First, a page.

Public Lab Research note

Smart sensor board for electrochemical gas sensors (intro)

by kensanfran | November 02, 2014 09:38 02 Nov 09:38 | #11315 | #11315

kensanfran was awarded the Empiricism Barnstar by neilh20 for their work in this research note.

A smarter way to use electrochemical gas sensors

Perhaps the most promising near-term technology for accurately detecting many atmospheric pollutant gases within modest cost, power, and size constraints is the electrochemical sensor cell. Recent "echem" sensors from Alphasense in particular (-A4 and -B4 models, for example see CO-B4 datasheet) provide:

  • impressively low noise and sensitivity down to the very low ppb range
  • low cross-sensitivities to other gas species
  • ridiculously linear response across a wide detection range
  • 1% gain accuracy from the factory
  • built-in temperature compensation mechanism that provides an offset error signal on a fourth "Aux" pin

All for less than $100 per unit in volume. Sounds fantastic, right? These are specs that usually match up with a $$$$ benchtop gas analyzer. Except...

How do you get a good signal out of this thing?

And here's the rub. It turns out to be somewhat tricky to actually achieve those specs in a real-world circuit. Not impossible, but it takes a fair amount of analog-type thinking and careful design considerations to make sure various noise and calibration error sources don't creep in and ruin all those sparkly numbers on the sensor's datasheet. I'll get into error budgets and noise sources in future Research Notes, but it's not hard to imagine that any attempt to measure parts per billion of anything requires a perhaps fanatical attention to these sorts of details.

And the sensors turn out to have something of their own personalities as well. Depending on their deployed environment, they may drift in gain and offset over time and temperature, and since they are typically gel-filled electrolytes exposed to air, they can dry out or become more saturated depending on moisture content in atmosphere. Oh well, here we are in the real world, what happened to that shiny datasheet again?

But can't I just buy a circuit board?

Alphasense ISB board with sensor underneath -- photo by Ken McGary

Well, yes, you can. Alphasense sells a high-performance analog board called the ISB (Individual Sensor Board, ~$150USD) that takes full advantage of the B4 sensors. I've been evaluating one here for a while now and it's clearly a well-designed circuit. For example, it includes cleverly placed pin sockets on the blank backside to keep the sensor's noise-sensitive high-impedance lines as short as possible. If you're doing heavy-duty research in the low-ppb regions, you may want some of these in your toolbox.

* An early test recording with the CO-B4/ISB combination shows the ability to sense small changes in carbon monoxide concentration due to heating and ventilation system cycling and other house activities - graph by Ken McGary *

Alphasense also makes a line of 2- to 4-sensor "AFE" boards for their smaller and not quite so sensitive (or expensive) A4 sensors. I'm sure these work great, too, though I haven't tried them.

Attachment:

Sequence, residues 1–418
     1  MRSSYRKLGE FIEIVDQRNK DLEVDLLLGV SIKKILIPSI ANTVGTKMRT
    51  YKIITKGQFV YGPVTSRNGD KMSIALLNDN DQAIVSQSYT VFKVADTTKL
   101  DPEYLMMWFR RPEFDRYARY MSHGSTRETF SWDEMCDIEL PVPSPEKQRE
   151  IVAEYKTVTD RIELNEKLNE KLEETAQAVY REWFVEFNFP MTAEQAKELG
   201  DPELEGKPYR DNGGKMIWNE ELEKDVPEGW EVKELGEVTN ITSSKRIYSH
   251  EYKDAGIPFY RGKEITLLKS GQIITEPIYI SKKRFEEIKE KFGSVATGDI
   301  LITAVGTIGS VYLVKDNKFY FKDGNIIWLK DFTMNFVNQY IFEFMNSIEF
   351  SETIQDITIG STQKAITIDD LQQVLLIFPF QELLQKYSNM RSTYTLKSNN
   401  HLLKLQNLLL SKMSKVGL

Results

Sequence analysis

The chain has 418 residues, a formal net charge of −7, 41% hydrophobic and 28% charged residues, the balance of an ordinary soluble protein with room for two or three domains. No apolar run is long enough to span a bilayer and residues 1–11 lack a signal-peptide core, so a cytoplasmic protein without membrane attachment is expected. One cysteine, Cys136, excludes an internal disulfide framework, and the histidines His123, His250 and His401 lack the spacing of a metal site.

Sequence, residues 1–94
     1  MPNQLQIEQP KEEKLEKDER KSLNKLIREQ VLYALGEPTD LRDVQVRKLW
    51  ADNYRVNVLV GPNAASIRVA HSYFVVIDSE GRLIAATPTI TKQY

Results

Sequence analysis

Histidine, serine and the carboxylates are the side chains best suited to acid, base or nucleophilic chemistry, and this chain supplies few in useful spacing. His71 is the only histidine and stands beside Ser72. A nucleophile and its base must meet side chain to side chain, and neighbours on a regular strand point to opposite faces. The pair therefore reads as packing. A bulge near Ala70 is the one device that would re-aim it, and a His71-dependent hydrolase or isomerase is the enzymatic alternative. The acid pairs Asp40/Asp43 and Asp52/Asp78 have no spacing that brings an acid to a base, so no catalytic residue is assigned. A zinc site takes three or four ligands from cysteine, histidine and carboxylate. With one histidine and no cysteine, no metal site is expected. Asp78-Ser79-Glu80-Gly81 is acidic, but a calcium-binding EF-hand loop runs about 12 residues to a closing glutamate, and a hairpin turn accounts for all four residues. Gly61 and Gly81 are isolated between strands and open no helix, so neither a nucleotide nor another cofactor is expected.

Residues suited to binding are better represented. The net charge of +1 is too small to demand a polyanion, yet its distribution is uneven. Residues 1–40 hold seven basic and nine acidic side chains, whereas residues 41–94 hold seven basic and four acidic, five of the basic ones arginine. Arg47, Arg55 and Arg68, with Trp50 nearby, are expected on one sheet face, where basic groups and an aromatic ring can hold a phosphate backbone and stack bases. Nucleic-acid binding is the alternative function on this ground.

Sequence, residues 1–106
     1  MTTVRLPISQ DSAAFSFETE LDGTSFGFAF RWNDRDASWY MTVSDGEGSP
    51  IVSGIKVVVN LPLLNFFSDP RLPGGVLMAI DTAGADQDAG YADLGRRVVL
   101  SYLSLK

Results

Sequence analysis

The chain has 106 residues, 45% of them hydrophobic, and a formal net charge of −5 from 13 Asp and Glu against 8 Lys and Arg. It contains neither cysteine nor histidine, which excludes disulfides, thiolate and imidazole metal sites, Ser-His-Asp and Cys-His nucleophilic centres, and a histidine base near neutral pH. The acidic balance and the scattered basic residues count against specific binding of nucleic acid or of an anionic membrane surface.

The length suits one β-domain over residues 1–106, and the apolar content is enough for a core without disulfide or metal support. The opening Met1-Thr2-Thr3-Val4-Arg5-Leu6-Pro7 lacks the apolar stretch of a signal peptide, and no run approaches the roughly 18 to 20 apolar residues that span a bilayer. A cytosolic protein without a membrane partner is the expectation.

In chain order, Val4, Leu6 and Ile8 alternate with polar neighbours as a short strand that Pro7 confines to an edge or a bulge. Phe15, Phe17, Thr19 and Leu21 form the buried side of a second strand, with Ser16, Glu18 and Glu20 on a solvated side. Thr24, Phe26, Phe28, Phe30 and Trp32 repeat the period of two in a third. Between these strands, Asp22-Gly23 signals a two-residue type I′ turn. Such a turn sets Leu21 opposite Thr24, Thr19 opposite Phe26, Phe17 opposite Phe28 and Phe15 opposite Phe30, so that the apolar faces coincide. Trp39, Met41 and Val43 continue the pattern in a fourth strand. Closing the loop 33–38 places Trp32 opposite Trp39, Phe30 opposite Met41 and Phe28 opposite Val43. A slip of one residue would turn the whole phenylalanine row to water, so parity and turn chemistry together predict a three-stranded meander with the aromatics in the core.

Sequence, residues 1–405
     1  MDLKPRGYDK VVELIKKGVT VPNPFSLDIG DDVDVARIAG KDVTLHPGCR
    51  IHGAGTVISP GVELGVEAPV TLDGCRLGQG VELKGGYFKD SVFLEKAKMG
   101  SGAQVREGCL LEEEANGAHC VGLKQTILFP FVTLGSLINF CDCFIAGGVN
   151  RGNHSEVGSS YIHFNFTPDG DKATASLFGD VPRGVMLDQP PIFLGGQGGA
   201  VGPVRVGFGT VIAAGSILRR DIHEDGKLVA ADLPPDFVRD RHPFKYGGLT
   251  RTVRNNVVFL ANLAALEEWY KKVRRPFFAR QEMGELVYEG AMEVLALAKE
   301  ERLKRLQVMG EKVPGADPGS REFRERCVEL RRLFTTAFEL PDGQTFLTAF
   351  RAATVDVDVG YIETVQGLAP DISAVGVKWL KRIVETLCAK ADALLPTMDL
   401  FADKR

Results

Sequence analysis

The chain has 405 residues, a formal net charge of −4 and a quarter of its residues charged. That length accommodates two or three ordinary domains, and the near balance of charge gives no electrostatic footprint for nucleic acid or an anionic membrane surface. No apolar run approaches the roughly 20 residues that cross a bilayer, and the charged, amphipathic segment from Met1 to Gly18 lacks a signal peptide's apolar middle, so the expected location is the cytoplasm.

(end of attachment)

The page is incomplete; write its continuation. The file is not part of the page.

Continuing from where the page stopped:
However, both of these boards have a number of idiosynchrocies for the DIYer and citizen scientist:

  • they are all analog-only, and still require at least good 12-bit if not 16-bit or better analog conversion for use in a digital system
  • the ISB requires an oddball 6V +/- 0.1V power supply
  • ISB and AFE boards are specifically customized and tuned at the factory for each particular sensor model's bias and gain requirements, and must be returned to the factory ($$) for mods or recalibration

To my knowledge (and I've been looking) there aren't any other ready-made board options out there for Alphasense or any other brand of echem sensor. The basic circuit required is a classic potentiostat arrangement, which is nothing much new under the sun -- "clamp" a cell's voltage (keep both "Working" and "Reference" electrodes at the same potential) by controlling the current on a third "Counter" electrode. The current required to keep the cell's specifically-formulated chemistry in balance indicates the amount of reduction or oxidation and thus the level of sensed gas. There are a handful of app notes floating around from several vendors about how to do this properly, and Analog Devices among others does sell an evaluation circuit that is meant for echem cells, however these have similar quirks to the Alphasense units and are tricky to integrate into DIY systems.

Nature Nerds (and Texas Instruments) to the rescue!

I've been collaborating for over a year now with another Nature Nerd Shaun Houlihan (who created some very helpful prototypes) and Peter Sand and Elliot Dicus with Manylabs (who are providing much-appreciated software and other development support) and a handful of other Nature Nerds to try and understand some of the problems with and advantages of these sensors. Shaun actually showed up at his very first Nerds for Nature meeting last year with his initial prototype echem board already in hand -- a cute little PIC-based gizmo with built-in bluetooth link that is still an inspiration for future echem form factors.

* Shaun's PIC-based, BLE-enabled echem sensor board -- photo by Shaun Houlihan *

However, a desire to have the Analog Front End chip on a more generally accessible platform like Arduino or Raspberry Pi led to a second prototype by Shaun in collaboration with our growing Air Quality group, a keep-it-simple breakout board with just the AFE, a fancy yet reasonably-priced 12/16-bit A/D converter (the ADS1115 from TI), and a few supporting parts. This proved remarkably handy in getting some confidence in the performance of the AFE part, and our ability to extract useful sensor data from it (more about this clever TI chip in the next Research Note).